Bhopal disaster’s perpetrators used ‘dummy’ firms to keep biz on
New Delhi – Nearly three years after toxic gases from a Union Carbide Corporation’s (UCC) factory killed an estimated 15,000 people and left more than half a million seriously ill in the Indian city of Bhopal, a chemical trading firm – Visa Petrochemicals Private Limited – was incorporated in Mumbai.
Over the next 14 years, Visa Petrochemicals became a linchpin in an elaborate plan by American chemical giant UCC to discreetly sell its products in India while it evaded criminal trial for spewing lethal gases that killed the residents of Bhopal on the midnight of December 2, 1984. A Bhopal court had declared UCC’s then-CEO Warren Anderson a fugitive and ordered that the properties and products of UCC and its subsidiaries, all of which were proclaimed offenders and absconders in India for not appearing in the criminal trial against them, be seized.
Internal company records, accessed by The Reporters’ Collective (TRC) for Al Jazeera, now reveal that UCC discreetly sold its products to several firms owned by the federal and state governments, and some large private corporations. Among them was a buyer from ground zero: a firm owned by the government of Madhya Pradesh, the state whose capital Bhopal saw one of the world’s worst industrial disasters. The firm was a joint venture partner in a cable company that bought UCC products.
To create a discreet backdoor into India where the public saw it as the devil of Bhopal and courts were going after it, UCC and its associates floated three firms, one each in India, the United States and Singapore. In its internal records, Carbide employees called them “front” and “dummy” companies. At times, they referred to these companies as their “extended arms”. These firms took orders from Indian customers on UCC’s behalf, relabelled its products, routed them through multiple ports and supplied them to customers. The company sold materials that went into the making of household products ranging from telephone cables to paints.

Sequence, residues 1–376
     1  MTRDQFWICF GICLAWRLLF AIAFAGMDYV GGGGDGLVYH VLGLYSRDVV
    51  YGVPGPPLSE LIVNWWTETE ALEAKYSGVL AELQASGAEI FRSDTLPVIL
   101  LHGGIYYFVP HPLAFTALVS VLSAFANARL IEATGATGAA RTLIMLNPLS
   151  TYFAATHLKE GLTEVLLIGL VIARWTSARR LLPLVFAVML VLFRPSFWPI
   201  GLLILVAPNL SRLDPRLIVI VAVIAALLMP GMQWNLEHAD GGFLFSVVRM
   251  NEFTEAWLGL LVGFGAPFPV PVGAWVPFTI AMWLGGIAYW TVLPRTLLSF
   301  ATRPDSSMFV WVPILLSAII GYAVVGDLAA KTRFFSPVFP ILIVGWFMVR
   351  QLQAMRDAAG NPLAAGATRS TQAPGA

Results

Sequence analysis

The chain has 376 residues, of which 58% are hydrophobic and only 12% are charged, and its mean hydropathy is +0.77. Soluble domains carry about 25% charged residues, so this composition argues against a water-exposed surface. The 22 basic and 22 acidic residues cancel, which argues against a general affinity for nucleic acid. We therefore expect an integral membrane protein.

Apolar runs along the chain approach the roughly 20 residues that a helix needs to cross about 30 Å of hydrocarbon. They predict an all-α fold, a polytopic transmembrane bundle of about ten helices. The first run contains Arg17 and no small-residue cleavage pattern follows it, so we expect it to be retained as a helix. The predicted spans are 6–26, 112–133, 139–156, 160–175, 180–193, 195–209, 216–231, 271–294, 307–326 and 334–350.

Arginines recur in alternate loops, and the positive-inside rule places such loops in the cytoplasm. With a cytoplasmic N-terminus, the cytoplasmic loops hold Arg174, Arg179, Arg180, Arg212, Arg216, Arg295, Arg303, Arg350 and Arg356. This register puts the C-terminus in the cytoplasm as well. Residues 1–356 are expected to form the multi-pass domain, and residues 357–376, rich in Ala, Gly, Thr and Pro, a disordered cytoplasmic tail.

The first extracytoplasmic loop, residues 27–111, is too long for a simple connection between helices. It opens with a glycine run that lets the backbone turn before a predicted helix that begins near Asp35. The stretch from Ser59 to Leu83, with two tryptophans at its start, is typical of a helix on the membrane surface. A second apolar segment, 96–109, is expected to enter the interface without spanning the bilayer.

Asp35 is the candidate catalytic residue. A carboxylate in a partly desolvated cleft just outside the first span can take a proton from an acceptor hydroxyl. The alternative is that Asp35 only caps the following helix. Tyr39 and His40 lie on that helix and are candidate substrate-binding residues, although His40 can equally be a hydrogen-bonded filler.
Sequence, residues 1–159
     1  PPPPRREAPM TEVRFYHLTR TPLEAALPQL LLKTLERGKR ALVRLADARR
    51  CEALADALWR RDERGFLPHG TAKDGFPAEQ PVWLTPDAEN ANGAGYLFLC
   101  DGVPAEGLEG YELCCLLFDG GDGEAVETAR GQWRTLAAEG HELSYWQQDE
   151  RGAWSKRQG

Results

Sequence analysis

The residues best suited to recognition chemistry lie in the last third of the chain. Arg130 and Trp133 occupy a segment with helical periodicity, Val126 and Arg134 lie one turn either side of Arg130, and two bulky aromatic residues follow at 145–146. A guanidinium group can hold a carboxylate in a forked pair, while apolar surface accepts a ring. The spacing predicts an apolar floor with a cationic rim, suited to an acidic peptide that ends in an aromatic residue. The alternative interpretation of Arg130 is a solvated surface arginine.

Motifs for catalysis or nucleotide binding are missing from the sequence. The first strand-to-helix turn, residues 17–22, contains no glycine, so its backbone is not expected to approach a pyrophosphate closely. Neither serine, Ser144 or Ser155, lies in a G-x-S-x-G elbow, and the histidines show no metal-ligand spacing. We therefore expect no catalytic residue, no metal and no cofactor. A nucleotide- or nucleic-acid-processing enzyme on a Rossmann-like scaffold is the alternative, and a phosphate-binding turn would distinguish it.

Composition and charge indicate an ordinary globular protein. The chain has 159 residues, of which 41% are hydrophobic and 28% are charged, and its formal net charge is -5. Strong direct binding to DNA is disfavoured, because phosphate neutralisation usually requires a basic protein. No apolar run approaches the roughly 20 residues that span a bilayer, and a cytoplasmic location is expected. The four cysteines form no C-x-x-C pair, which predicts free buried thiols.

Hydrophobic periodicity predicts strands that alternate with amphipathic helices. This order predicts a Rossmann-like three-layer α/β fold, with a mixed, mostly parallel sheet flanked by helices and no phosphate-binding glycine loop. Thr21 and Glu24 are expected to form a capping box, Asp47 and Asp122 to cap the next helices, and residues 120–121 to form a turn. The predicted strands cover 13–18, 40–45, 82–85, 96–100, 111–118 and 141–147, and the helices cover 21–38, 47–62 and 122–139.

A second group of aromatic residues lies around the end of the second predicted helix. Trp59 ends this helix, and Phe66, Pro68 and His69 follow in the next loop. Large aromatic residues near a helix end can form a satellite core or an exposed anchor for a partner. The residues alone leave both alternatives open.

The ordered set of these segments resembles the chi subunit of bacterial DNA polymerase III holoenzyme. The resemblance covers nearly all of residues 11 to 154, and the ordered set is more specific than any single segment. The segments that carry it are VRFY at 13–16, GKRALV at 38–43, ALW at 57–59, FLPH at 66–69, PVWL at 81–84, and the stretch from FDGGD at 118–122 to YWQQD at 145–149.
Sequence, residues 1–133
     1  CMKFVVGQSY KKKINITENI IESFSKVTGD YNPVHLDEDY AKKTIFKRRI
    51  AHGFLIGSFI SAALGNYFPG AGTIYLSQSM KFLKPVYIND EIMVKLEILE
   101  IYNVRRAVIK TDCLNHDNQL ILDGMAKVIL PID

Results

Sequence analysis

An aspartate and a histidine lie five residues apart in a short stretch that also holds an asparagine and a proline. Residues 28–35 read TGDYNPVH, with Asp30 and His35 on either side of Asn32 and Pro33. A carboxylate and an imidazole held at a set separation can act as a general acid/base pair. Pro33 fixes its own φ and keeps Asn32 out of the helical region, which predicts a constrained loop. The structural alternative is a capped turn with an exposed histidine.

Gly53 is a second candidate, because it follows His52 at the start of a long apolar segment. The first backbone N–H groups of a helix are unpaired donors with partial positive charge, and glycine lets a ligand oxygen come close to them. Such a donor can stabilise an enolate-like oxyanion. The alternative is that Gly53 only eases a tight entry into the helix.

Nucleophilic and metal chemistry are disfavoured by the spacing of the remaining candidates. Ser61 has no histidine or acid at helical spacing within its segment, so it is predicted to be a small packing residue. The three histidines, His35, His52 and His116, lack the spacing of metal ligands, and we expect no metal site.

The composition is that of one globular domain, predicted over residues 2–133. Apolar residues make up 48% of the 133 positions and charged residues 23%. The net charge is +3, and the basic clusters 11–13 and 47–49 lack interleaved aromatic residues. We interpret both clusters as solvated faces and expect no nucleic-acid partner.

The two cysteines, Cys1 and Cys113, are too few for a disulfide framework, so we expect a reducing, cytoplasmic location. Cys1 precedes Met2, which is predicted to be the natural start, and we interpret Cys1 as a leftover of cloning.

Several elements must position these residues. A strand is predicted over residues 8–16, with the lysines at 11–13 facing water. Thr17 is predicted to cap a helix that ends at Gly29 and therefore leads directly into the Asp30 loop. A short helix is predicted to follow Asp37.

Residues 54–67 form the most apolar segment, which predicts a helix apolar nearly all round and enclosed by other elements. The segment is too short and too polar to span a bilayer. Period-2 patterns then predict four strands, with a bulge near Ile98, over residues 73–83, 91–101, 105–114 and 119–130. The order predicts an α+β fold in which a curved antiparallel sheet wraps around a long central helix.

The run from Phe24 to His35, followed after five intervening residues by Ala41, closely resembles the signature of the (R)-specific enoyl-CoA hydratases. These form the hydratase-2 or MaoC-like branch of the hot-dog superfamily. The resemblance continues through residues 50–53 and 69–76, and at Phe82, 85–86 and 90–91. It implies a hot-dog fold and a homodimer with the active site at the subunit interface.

UCC internally admitted that the dummy companies were “a legal requirement” to help it keep its “distance from India”. This admission was made in an internal business plan for UCC to keep selling its goods in India even after the Indian court had ordered the seizure of all its moveable and immovable assets in the country. The court did not explicitly declare the future sale of UCC products illegal. But it had ordered that all its assets be seized, including products and goods meant for sale.
The government companies that traded with UCC knew about this backdoor arrangement, as UCC privately informed them when its front company participated in tenders.